What We've Been Up To
Some days you just don’t have it in you to write another article or blog post. You may feel as if you’ve exhausted every means of a topic, or you’re just burned out with content marketing. When this mood sets in, the last thing you want to do is cut back on content creation. You still have an audience to cater to, and they’re always hungry for information. Instead, recycle and reuse some of your older content. Many new visitors probably haven’t read it before, and it’s fairly easy to put a new spin on what you’ve already written. Here are a few ways to transform something old into something new.
While the 2016 presidential election is still more than a year away, Halloween is right around the corner. And even though the election may already seem like a horror story, depending on your political leanings, this non-partisan infographic takes it a step further. How would some of the most prominent candidates (and non-candidates) last in a zombie apocalypse, how would they fight off brain-eating zombies and who would survive until help arrives?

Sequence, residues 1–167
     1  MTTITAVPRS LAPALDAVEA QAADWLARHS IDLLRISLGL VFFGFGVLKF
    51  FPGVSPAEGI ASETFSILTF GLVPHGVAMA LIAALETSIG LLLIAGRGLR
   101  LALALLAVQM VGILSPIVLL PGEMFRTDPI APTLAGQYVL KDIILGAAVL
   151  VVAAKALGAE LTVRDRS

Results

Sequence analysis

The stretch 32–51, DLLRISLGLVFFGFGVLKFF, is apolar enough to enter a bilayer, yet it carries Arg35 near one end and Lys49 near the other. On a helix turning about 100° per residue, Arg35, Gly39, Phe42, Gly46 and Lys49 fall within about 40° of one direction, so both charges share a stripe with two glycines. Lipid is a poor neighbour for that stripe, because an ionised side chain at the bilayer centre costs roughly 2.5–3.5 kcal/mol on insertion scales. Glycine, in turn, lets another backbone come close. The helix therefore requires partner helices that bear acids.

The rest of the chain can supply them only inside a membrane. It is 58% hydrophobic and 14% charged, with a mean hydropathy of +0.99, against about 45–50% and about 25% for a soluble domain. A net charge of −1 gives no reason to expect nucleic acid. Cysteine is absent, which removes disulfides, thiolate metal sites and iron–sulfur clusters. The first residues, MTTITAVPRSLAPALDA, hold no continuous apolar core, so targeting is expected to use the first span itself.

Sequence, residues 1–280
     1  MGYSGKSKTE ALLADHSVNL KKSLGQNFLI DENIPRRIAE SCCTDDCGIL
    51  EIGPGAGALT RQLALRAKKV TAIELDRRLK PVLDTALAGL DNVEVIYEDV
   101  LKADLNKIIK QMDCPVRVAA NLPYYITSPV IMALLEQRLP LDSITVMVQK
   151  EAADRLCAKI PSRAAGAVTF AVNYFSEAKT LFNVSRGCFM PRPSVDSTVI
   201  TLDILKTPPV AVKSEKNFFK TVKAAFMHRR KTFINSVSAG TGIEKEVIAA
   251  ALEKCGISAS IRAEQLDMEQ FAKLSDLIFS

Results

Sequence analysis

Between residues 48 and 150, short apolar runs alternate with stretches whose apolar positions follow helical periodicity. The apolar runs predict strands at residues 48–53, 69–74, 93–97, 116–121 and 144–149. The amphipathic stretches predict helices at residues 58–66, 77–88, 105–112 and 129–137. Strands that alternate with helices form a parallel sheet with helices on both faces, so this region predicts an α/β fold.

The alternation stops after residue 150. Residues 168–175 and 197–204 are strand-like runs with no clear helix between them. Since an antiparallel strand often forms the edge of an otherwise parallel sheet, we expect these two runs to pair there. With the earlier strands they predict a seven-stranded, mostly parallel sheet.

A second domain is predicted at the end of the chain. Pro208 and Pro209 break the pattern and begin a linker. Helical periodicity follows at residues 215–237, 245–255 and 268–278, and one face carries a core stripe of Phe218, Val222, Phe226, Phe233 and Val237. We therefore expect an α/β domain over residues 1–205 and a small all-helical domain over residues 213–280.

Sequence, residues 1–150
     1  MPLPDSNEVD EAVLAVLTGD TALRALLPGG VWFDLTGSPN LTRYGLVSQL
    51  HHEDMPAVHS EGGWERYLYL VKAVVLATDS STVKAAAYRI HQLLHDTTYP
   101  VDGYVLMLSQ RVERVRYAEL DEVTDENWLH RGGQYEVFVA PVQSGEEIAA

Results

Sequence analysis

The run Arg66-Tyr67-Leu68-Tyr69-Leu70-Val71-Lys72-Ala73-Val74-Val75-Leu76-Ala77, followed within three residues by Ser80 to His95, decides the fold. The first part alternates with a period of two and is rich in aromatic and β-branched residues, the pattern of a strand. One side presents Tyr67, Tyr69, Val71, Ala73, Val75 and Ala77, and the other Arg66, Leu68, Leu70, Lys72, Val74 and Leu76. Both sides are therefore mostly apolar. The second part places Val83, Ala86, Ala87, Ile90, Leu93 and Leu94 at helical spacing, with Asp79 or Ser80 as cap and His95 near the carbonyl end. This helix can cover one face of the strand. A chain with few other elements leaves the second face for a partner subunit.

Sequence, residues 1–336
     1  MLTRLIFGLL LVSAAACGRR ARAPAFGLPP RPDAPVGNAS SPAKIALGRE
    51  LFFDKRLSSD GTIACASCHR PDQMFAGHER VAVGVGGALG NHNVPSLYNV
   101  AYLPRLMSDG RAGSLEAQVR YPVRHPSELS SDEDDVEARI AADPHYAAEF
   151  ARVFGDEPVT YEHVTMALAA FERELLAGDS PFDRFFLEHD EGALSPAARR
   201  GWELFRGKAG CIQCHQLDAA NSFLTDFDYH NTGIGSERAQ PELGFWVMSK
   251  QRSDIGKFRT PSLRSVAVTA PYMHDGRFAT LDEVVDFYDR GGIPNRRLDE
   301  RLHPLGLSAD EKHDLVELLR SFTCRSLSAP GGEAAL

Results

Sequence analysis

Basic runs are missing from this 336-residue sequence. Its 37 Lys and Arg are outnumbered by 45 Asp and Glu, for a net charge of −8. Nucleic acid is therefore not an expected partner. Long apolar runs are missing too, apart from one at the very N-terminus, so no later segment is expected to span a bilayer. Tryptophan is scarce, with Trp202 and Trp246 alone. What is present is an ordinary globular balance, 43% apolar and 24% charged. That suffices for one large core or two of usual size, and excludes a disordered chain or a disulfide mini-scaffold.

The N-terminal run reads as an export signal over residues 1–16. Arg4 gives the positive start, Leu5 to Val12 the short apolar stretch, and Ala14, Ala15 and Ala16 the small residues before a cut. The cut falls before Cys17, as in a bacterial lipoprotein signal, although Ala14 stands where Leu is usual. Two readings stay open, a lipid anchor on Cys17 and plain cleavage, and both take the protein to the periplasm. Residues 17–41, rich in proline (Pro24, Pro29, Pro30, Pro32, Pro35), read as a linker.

With data being generated in record-breaking amounts, businesses are looking for ways to synthesize and utilize all the information coming their way. Infographics, taking advantage of both text and visual content, can be leveraged in innovative new ways. Expertly crafted visual content is easily consumed by viewers and can help increase awareness and productivity, as well as improve communication and understanding.
The recent major turmoil in Asian stock markets has caused spill-over all over the world, including in the U.S., where the Dow Jones Industrial Average has seen record changes over the past couple of months. With the U.S. economy still considered shaky by some, there is a great deal of fear over these changes. But is that fear well-founded? One way to find out is to look at historically large changes, whether good or bad, in the Dow. We looked up the 20 largest gains, losses and intraday swings and plotted them against the backdrop of historical context. What we found is that the stock market tends to bounce back after every major decline, with the bigger dips taking longer to recover from, as you might expect. Take a look at the historical picture of the roller coaster that is Wall Street.